By Fareed Zakaria, CNN
Kofi Annan’s resignation as the U.N. and Arab League joint special envoy is a blow to any hopes that the situation in Syria could go down a stable path. It has also dashed hopes that an early route could be found to an inclusive government that could oversee decreasing levels of violence. Annan represented the possibility of something positive for Syria, and his departure is a sign that things are going to continue to spiral downwards.
There are two basic problems in Syria – an internal and an external political divide. The internal divide is evident every day. We have a brutal regime that is using maximum force, one that is making no concessions and that is simply holding onto power by any means possible. That is the principle problem in Syria, and one that can only be resolved if Bashar al-Assad and the people around him are deposed from power.
But there’s also a sectarian problem in Syria as is evidenced by the fact that minorities, who comprise 40 percent of the population, don’t seem to have joined the opposition. The Alawites, of course, who make up about 12 percent of Syria, are sticking with the Alawite-dominated regime. But the Christians appear to be doing so as well, for fear of what would happen to them in a majoritarian and more Islamist Syria. Other Syrian minorities such as the Kurds also don’t seem part of the Free Syria Army.
Right now, the battle is between an Alawite regime and a Sunni opposition. If this conflict really does become increasingly sectarian in nature, then we really may have even greater problems ahead. Think of the example of Iraq, where a Sunni-dominated regime was toppled, but then unleashed sectarian conflict.
What Syria needs is an end to the Assad regime but then some kind of political deal between the old and new guard. The core elements of the regime would have to step down or be ousted. But the opposition would also need to accept a post-al-Assad scenario in which some elements of the old system are kept in place, if only so that those elements don’t fight until the bitter end.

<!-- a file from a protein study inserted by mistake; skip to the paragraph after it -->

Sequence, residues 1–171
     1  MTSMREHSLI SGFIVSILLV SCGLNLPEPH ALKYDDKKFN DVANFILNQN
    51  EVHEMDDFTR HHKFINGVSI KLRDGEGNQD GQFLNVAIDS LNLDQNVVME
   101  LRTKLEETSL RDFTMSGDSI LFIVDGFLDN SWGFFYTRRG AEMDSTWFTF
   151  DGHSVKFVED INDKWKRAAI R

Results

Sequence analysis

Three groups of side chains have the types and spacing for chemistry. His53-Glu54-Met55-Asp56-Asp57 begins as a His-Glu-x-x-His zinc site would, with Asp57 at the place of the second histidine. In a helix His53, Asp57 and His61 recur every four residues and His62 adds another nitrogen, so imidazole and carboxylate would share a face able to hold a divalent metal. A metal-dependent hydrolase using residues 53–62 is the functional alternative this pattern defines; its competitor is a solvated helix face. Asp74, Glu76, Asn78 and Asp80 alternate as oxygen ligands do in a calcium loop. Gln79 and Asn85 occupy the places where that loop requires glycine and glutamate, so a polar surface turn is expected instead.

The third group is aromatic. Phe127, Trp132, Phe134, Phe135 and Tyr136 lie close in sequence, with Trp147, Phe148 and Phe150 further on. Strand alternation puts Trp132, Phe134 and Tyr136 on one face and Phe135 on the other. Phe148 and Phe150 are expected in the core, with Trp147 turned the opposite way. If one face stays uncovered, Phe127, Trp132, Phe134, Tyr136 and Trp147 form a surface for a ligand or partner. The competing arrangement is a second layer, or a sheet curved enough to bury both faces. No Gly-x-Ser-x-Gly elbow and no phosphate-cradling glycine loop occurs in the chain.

The second divide is the external divide, between the West on one side and China, Russia and Iran on the other. The Chinese, Russians and most importantly the Iranians are supporting the regime for different reasons. For the Iranians, Syria is their strongest ally and proxy in the region. Tehran is all in – it has bet on this regime, which is a source of regional influence, and so it has tried to prop it up. There’s a sectarian element to this – the Iranians see the Alawites as a quasi-Shiite regime. (Incidentally, this is why the Shiite prime minister of Iraq has also been somewhat supportive of the Syrian regime, an irony for those expecting him to support the American – or the humanitarian – position.)
The Russians and Chinese, meanwhile, support the regime as much as anything because they don’t believe the West should have the authority to topple regimes it doesn’t like. They feel that the West exceeded its mandate in Libya and, most of all, they don’t like the idea of establishing a principle of international law under which if a regime is suppressing its own people, outside forces can come in and topple it. After all, what happens the next time there are protests against the Kremlin in Moscow?
In fact, the Russians don’t really have very deep ties to the Syrians, while the Chinese have almost none. With this in mind, you’d have thought it might be possible to have the Security Council come together and put more pressure on the Syrian regime, something which would then isolate Iran as the lone sponsor of the brutal crackdown. But clearly the Russians and Chinese have dug their heels in.
So, where does that leave us? I’ve always believed that Syria would see a slow, painful burn. The regime will not fall easily and there’s no easy international intervention that that will make it fall. And when it does fall, it is unlikely that we will see a relatively stable transition to a post-al-Assad democratic Syria. Instead, what you’re likely to see is more of the same – a very messy situation that may well resemble the civil war in Lebanon in the 1980s. Then, we had a conflict that went on for years without a clear resolution and left the country to become a staging ground for perpetual violence. I fear the same fate might befall Syria, too.